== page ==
“It was pretty daunting at the outset”: Misha Mansoor’s Virtuoso Mega Shred is the five-solo, guest-laden metal guitar instrumental of the year – and it was written for a guitar promo

Jackson Virtuoso Mega Shred
(Image credit: Jackson)

Jackson launched its latest American Series model the Virtuoso last week. The electric guitar itself might have arrived in an attention-grabbing Shell Pink, but the thing that really caught our eye was the accompanying star-studded promo video. 

Dubbed The Virtuoso Mega Shred, the clip features Periphery guitarist Misha Mansoor, Marty Friedman, Revocation’s Dave Davidson and next-gen players –Heriot’s Debbie Gough and Erra’s Clint Tustin – taking solo turns across a single evolving track. In the process, they showcase a killer selection of monstrous, yet highly individual, lead guitar styles.

Initially, we were just impressed that in an era of virtual trade shows and Instagram teasers in the place of product launches, a guitar company had both the nerve and the budget to commission an original track , particularly given it’s composed by Mansoor himself, no less.

However, the Virtuoso clip represents a wider change – not just in the way that guitars are being marketed, or Jackson’s confidence levels (which are apparently sitting on an 11/10 right now) – but for metal guitar itself. 

Firstly, the lineup is stellar. It whips through a breathless cross-section of metal guitar talent past and present and offers a sort of ‘show don’t tell’ acknowledgement of the robust health of the genre in 2023.

Friedman takes the limelight. As a forward-thinking virtuoso with bonafide classic metal credentials, he has the precision chops to compete with the new brand of YouTube hyper-shredder. He does not go easy on the kids, either, finishing his building levelling solo with a casual pick toss (the shredder’s mic drop).

Marty Friedman playing in the Jackson Virtuoso Mega Shred clip

(Image credit: Jackson)

Davidson brings an underlying hint of death metal menace and classic rock sleaze to proceedings; Gough wrangles an entire menagerie of animalist wails over sludge riffs and Tustin brings the metalcore pace with some lightning-fast runs, interspersed with colorful, unexpected bends.

Against that backdrop, Mansoor is the ideal composer and fifth soloist – a player who helped shape the present state and popularity of contemporary metal. 

He’s also comfortably sandwiched between a strange blend of Meshuggah might, Dream Theater’s prog technicality and the gargantuan tones (and experimentalism) of the new generation.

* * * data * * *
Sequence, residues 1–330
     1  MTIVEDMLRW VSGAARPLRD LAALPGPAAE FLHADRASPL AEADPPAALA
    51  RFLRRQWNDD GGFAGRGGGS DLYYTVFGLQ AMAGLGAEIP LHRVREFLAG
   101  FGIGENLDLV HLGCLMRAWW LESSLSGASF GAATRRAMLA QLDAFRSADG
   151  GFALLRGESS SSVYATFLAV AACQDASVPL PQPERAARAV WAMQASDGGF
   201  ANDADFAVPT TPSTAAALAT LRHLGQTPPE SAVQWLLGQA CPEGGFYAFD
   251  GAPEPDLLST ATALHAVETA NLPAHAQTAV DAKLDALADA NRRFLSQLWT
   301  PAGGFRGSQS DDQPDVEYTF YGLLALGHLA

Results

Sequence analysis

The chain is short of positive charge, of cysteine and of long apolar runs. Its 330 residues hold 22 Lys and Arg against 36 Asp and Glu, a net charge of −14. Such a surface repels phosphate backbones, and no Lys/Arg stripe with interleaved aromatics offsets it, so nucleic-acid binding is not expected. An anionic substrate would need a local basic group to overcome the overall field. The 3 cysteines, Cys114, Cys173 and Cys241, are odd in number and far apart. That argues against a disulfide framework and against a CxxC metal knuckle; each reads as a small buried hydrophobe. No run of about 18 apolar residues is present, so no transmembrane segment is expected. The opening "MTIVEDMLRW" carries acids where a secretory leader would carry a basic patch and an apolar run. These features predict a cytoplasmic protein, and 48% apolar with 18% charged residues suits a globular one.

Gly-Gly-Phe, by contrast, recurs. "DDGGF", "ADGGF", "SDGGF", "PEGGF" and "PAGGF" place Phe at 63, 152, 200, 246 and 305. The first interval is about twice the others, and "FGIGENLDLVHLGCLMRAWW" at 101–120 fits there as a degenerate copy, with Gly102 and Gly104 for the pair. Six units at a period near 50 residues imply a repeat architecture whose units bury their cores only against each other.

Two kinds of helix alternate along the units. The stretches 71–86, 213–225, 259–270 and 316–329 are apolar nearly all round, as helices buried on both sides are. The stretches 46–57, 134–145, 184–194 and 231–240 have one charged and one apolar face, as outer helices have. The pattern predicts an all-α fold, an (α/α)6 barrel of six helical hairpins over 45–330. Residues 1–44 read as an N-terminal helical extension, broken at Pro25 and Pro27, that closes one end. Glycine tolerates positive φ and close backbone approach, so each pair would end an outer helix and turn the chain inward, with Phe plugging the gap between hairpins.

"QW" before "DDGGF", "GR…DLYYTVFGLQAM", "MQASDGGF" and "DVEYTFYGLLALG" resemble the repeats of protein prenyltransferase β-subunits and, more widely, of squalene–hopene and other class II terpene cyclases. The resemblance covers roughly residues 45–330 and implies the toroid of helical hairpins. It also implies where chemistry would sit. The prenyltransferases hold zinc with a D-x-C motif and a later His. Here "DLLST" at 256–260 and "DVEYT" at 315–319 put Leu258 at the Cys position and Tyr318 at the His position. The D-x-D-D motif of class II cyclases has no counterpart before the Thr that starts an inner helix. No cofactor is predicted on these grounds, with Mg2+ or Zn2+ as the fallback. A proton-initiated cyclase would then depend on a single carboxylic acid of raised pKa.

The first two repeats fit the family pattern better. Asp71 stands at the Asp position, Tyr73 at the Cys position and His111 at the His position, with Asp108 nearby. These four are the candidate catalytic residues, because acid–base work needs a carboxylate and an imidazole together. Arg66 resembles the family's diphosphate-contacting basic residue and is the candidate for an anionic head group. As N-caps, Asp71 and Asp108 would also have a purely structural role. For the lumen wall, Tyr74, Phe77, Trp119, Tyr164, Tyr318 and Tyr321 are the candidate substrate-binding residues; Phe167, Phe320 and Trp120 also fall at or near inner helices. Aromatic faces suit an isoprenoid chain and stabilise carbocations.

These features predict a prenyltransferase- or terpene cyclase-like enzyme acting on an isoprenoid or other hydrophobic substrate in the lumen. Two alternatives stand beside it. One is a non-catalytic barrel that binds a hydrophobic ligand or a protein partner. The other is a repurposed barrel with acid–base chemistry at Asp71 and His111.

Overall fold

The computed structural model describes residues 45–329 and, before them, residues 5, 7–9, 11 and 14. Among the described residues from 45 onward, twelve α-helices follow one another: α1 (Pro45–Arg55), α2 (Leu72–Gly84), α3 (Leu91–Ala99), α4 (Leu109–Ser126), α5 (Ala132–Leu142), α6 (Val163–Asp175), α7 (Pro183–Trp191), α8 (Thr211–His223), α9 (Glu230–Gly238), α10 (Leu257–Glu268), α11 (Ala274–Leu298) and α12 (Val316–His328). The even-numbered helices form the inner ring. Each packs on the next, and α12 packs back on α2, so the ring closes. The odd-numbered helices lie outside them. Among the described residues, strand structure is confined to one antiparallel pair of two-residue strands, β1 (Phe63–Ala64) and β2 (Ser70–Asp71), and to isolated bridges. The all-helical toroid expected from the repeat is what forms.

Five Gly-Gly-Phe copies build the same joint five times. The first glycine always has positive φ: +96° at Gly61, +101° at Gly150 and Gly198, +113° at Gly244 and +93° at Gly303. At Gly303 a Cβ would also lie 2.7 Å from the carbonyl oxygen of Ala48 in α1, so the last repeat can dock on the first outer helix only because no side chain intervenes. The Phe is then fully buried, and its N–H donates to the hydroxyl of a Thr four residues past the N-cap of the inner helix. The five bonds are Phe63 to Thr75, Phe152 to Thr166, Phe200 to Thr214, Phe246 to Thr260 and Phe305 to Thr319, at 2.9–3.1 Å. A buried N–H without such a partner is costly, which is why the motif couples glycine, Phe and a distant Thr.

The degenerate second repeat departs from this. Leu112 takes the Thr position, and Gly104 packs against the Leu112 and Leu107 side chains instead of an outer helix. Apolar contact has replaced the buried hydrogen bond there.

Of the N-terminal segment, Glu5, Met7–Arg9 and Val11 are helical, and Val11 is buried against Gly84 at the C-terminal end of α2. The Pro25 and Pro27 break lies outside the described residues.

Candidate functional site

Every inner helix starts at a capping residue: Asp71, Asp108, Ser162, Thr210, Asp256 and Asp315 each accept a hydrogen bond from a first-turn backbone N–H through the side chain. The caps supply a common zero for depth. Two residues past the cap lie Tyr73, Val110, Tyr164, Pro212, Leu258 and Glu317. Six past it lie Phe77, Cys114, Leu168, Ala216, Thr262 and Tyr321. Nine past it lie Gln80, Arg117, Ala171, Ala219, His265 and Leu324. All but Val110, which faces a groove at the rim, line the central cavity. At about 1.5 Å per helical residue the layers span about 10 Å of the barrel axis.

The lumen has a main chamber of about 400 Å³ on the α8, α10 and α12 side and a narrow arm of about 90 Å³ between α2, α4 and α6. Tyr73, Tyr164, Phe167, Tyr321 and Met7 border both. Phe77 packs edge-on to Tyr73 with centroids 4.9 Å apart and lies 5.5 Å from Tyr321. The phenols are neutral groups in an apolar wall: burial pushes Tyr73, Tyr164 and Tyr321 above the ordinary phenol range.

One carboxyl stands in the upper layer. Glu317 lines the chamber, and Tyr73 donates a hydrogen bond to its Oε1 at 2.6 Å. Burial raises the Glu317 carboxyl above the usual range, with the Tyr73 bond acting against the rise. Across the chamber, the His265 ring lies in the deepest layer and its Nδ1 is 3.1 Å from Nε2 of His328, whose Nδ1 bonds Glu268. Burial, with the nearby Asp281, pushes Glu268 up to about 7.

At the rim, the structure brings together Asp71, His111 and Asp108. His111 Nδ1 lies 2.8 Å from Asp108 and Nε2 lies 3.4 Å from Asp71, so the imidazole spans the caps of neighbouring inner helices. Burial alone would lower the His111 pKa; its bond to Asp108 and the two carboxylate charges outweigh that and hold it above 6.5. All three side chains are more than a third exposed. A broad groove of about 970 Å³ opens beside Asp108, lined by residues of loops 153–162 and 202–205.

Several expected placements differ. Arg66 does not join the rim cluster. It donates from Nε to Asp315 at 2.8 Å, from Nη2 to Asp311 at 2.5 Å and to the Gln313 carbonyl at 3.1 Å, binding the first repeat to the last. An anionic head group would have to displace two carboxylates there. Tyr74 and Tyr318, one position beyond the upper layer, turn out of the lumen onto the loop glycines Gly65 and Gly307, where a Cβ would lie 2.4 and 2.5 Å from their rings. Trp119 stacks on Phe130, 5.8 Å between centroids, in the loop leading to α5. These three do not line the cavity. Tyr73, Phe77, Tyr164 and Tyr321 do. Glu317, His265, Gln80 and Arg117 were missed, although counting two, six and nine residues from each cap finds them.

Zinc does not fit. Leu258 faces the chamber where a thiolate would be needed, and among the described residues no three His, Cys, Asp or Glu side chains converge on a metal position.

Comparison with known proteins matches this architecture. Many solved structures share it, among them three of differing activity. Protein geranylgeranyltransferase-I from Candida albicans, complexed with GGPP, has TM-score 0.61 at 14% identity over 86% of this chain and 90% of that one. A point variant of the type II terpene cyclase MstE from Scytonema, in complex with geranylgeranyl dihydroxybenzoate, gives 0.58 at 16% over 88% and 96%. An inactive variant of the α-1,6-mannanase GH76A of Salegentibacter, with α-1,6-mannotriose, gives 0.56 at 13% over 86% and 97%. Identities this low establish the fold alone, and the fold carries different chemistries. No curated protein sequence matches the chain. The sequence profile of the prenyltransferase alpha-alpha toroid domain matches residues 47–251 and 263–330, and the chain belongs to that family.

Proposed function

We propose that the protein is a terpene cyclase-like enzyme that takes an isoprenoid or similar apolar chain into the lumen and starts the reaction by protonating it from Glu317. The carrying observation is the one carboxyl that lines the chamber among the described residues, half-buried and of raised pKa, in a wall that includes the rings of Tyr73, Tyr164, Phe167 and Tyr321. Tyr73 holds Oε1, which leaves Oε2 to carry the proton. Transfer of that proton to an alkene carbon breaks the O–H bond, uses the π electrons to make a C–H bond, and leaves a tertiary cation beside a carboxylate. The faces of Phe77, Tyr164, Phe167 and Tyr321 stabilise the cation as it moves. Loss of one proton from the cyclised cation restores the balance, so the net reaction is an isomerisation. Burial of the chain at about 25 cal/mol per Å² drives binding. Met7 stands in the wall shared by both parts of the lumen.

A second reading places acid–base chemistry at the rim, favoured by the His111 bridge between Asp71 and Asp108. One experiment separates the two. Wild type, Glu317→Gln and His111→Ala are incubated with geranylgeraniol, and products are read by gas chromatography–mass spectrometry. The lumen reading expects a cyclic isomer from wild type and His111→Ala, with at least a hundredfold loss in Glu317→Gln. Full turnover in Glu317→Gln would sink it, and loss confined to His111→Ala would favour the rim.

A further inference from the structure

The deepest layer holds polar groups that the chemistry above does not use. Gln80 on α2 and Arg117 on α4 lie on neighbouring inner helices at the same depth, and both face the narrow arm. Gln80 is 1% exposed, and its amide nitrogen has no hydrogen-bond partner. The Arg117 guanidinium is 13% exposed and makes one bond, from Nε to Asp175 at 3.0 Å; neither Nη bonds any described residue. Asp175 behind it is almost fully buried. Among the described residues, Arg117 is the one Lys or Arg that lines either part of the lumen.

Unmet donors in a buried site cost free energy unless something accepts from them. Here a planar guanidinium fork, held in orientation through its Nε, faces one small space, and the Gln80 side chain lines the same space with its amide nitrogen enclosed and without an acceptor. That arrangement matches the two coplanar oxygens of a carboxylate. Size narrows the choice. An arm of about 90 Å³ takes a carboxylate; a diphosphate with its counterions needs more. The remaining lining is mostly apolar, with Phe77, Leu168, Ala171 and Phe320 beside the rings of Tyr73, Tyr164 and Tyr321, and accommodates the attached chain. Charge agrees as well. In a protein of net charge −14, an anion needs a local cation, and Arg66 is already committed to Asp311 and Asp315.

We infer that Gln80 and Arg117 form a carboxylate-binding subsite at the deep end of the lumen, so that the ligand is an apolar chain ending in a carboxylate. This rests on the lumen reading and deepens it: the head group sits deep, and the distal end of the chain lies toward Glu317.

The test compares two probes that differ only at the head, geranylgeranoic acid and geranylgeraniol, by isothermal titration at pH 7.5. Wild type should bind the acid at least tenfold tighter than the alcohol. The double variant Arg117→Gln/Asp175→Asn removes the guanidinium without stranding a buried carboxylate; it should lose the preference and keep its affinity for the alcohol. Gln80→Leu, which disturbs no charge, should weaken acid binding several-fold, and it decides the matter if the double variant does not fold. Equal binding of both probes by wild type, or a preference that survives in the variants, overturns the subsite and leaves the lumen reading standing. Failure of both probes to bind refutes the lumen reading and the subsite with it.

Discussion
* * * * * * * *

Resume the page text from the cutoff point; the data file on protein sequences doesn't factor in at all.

“It was a very different challenge from what I have to do normally,” Mansoor recently said during Jackson’s Shop Talk press conference.  “Being an instrumental song, you want it to be interesting enough to where it doesn't sort of overstay its welcome…

“But mainly I wanted to write sections for each of the artists that would show that like, ‘Hey, I've done my homework. I think that you would have fun with this,’ and then try to make that all flow from beginning to end.”

Debbie Gough playing in the Jackson Virtuoso Mega Shred clip

(Image credit: Jackson)

At its simplest level, that’s the song’s greatest success: it is fun, it is memorable and, most importantly, it inspires you to play guitar.

Jackson is pitching the Virtuoso as a do-it-all tool for a metal scene that both looks and sounds more diverse than ever before. It’s palpably aware that the once high barriers that confined the genre are falling and that presents a big opportunity for the firm’s profits.

However, that very fact – that we’re at a new high water mark in metal’s popularity and variety in 2023 – is genuinely worth celebrating in itself. 

This is probably why The Virtuoso Mega Shred resonates so strongly right now – and, yes, we’re aware how crazy that sentence sounds.

We’re at a strange crossroads, where shred guitar is cool again. Where Steve Vai can drop in on a Polyphia single and it somehow just works, where Marty Friedman can jam next to Heriot’s Debbie Gough and look awesome doing so. 

Misha Mansoor playing in the Jackson Virtuoso Mega Shred clip

(Image credit: Jackson)

Even outside of the genre, a distinctly non-metal musician like Phoebe Bridgers can don a B.C. Rich Warlock and sing a melancholic folk tune with a straight face. This is the world we live in now.

We’re still unsure if The Virtuoso Mega Shred is the worst title we’ve ever heard, or the best one. Regardless, it’s an awesome time capsule of the state of metal guitar in 2023. 

Now, can anyone cover the whole thing? We’d do it ourselves, obviously, but we lent Marty Friedman our last pick...

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Matt Parker

Matt is a staff writer for GuitarWorld.com. Before that he spent 10 years as a freelance music journalist, interviewing artists for the likes of Total Guitar, Guitarist, Guitar World, MusicRadar, NME.com, DJ Mag and Electronic Sound. In 2020, he launched CreativeMoney.co.uk, which aims to share the ideas that make creative lifestyles more sustainable. He plays guitar, but should not be allowed near your delay pedals.